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Beyond the Garden Path – An Introduction to Access and Inclusion for People of all Abilities

Volume 3 Number 1 - April 2006

Marcus Ormerod and Jane McCleave





Against a backdrop of demographic changes and increasing levels of awareness and expectations, an inclusive approach to environment design is advocated to help botanic gardens provide access, learning and enjoyment to everyone.  Inclusive design is a way of designing environments so that they are useable and appealing to everyone regardless of age, ability, or circumstance.  There are many benefits in adopting this approach.

The access audit is used to identify and record existing barriers to access, and takes a journey approach from pre-visit information through the full visit to departure.  Barriers identified can be removed by changing practices, providing auxiliary aids, or making physical changes to the environment.  It is important to involve users during this process.

Plants and flowers can offer sensory, beneficial and pleasurable experiences to many people and, therefore, botanic gardens are well placed to be able to create a fully inclusive environment offering equality of experience for all.

Introduction – the Need for an Inclusive Approach

Demographic changes combined with increasing levels of awareness and expectations have led to a significant growth in legislation aimed at tackling discrimination and enabling access, for example the UK Disability Discrimination Acts 1995 and 2005, and the U.S. Americans with Disabilities Act 1990.   In Britain there are 8.5 million disabled people which equates to one in seven of the population. Worldwide this figure stands at over one billion. By 2020, half the adult population of the UK will be over 50 years old, while 20% of the inhabitants of the United States and 25% of those of Japan will be over 65. 

Legislation differs from country to country and it is beyond the possible scope of this article to review current legislation across the world. However, it is clearly important that all botanic gardens identify and comply with any relevant legislation in their country in order to meet minimum standards.

However, whether or not legislation exists, many will be keen to achieve 'best practice', and the authors advocate an inclusive approach to environment design which will help botanic gardens to consider and value people's diversity, remove unnecessary barriers, and work towards equality of experience for all staff and visitors.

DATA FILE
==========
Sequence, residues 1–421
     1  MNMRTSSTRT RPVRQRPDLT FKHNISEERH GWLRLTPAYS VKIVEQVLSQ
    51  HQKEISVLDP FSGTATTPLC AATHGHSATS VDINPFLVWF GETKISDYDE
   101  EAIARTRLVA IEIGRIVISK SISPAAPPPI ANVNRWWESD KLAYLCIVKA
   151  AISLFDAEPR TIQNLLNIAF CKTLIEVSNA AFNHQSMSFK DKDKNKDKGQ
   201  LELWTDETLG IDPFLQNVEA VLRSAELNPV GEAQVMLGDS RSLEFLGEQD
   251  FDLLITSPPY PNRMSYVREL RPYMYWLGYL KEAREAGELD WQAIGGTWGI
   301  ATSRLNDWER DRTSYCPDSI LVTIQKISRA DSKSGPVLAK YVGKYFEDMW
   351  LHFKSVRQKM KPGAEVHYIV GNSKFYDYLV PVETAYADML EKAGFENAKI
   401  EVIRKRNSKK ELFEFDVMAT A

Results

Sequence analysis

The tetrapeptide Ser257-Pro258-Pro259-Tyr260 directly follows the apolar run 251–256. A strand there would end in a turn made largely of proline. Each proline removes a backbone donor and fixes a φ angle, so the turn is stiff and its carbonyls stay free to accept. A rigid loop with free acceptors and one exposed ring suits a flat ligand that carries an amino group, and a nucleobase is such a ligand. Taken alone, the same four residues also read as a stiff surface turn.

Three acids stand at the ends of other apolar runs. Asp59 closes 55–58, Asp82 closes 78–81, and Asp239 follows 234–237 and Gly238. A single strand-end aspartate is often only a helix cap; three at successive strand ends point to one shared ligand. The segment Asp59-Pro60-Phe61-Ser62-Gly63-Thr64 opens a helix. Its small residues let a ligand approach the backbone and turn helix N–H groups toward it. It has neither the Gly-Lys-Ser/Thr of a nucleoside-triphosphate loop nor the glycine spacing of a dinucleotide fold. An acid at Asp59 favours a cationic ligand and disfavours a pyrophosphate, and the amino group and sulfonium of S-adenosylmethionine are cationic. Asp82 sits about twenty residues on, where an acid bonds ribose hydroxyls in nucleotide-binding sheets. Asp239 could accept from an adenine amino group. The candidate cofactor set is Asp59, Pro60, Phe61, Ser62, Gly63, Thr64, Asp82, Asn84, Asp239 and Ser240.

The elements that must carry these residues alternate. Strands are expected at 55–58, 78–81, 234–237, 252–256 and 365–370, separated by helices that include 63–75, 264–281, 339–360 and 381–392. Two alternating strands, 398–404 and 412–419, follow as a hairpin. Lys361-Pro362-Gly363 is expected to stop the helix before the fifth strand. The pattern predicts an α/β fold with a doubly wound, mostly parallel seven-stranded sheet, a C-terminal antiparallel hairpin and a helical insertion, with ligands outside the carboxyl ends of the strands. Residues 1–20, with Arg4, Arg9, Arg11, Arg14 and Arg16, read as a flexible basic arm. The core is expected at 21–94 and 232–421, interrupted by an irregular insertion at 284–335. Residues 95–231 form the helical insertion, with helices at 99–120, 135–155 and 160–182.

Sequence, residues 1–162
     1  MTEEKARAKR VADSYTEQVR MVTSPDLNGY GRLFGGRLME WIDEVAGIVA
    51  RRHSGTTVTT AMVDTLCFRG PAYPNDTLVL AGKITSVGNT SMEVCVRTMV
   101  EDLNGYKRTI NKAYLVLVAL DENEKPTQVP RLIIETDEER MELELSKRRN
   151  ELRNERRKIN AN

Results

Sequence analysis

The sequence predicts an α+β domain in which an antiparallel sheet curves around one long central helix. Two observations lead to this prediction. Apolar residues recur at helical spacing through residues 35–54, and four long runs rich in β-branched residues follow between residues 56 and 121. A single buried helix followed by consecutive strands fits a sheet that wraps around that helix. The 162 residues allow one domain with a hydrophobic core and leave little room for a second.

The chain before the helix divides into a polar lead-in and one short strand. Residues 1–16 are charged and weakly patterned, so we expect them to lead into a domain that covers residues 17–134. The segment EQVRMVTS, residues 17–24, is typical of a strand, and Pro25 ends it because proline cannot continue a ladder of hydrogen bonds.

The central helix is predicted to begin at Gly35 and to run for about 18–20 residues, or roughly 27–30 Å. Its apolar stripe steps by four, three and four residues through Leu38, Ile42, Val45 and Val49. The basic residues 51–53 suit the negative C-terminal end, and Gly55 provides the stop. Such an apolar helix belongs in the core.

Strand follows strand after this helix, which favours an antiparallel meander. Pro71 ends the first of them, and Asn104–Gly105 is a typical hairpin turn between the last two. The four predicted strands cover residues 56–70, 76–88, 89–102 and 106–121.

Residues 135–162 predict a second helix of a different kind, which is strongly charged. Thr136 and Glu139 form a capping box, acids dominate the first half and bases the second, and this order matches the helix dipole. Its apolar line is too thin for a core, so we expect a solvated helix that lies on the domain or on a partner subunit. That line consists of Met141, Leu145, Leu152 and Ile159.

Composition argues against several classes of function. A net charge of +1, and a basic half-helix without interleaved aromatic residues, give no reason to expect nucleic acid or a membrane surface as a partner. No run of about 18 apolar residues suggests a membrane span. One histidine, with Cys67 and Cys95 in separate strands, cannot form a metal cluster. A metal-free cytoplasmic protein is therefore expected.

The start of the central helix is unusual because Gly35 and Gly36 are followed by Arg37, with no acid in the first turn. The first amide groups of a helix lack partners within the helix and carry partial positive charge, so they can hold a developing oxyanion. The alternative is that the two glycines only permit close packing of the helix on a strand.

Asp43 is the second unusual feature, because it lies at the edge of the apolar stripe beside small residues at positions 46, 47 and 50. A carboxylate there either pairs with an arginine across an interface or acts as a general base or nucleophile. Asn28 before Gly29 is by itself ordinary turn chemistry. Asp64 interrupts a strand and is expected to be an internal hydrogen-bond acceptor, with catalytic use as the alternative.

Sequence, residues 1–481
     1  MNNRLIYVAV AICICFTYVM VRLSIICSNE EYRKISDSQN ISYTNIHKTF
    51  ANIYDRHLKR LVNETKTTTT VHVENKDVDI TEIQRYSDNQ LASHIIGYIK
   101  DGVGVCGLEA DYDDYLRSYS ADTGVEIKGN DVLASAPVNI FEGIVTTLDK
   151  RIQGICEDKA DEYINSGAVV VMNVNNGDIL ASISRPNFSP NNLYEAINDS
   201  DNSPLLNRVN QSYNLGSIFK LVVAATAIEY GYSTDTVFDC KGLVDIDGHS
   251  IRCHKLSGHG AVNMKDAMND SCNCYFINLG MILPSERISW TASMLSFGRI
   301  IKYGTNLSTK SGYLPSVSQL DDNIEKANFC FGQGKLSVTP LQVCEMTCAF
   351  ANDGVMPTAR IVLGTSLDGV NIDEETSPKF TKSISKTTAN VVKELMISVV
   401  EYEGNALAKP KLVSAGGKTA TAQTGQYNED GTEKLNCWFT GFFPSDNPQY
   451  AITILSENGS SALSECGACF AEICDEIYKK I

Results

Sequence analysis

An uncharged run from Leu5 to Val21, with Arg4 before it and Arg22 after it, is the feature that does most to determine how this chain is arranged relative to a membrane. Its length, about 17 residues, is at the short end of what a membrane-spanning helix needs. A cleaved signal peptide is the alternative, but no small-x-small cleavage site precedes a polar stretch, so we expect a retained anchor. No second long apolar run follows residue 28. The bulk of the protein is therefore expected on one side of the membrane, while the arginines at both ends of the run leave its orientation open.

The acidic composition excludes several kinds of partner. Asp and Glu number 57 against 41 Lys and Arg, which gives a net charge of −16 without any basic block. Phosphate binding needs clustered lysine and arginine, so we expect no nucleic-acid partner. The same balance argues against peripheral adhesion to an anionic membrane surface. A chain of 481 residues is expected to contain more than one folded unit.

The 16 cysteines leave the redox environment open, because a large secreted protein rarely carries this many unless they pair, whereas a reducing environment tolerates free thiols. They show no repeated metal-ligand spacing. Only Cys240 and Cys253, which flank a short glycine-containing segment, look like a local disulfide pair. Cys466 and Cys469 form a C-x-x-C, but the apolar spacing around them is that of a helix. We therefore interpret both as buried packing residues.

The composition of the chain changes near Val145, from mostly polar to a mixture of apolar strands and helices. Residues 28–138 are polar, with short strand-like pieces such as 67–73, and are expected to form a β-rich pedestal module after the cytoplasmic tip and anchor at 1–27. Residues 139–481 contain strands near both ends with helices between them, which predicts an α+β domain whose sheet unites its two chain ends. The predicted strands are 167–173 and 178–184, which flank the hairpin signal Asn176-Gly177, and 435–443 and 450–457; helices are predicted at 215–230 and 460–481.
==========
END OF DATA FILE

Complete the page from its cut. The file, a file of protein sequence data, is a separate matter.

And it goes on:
An inclusive approach 

Inclusive design is a way of designing products and environments so that they are useable and appealing to everyone regardless of age, ability ,or circumstance (Ormerod & Newton, 2005).

An inclusive environment will be:

  • Easily used by as many people as possible without undue effort, special treatment, or separation
  • Able to offer people the freedom to choose how they access and use it, and allow them to participate equally in all activities it may host
  • Able to embrace diversity and difference
  • Safe
  •  Legible and predictable
  • Of high quality.              
    (Disability Rights Commission, 2003)

Historically, disabled people have often felt patronised or dehumanised and experienced segregation rather than inclusion. The separate sensory garden, designed specifically for visually impaired visitors, is a common example of segregation (English Heritage, 2005). An inclusive approach might map out a sensory trail drawing on areas throughout the site to be enjoyed by all visitors.

There are many benefits in taking an inclusive approach, including: increased numbers of visitors; better quality of experience for everyone, greater staff satisfaction through improved service delivery, greater diversity of visitors and staff, effective use of resources in getting accessibility right first time, and the promotion of a positive image regarding disability and inclusion issues.

How to achieve an inclusive environment - an inclusive design strategy should consider:

  1. Internal spaces (including both the public and employee areas of buildings)
  2.  External spaces (including all areas of the gardens and transport methods)
  3. Non-physical aspects (communication and consultation)

(Ormerod & Newton, 2005)

Inclusive design is not a fixed set of design criteria; but a constantly evolving philosophy (DRC, 2003). It is best championed at the most senior level in the organisation by being part of the organisation’s mission statement, so that an inclusive approach becomes an integral part of the organisation’s culture. 

The Access Audit

An access audit is a tool used to identify and record existing barriers to access. Fewer than 5% of disabled people in the UK are wheelchair users, and it is a common mistake to focus an audit predominantly on wheelchair users’ physical needs. Rather, the audit should consider the barriers experienced by the broad range of users including physical, sensory, and intellectual barriers for everyone including older people, disabled people, carers and families with young children.

Barriers to a botanic garden site might include:


  • Lack of staff or volunteers to support sites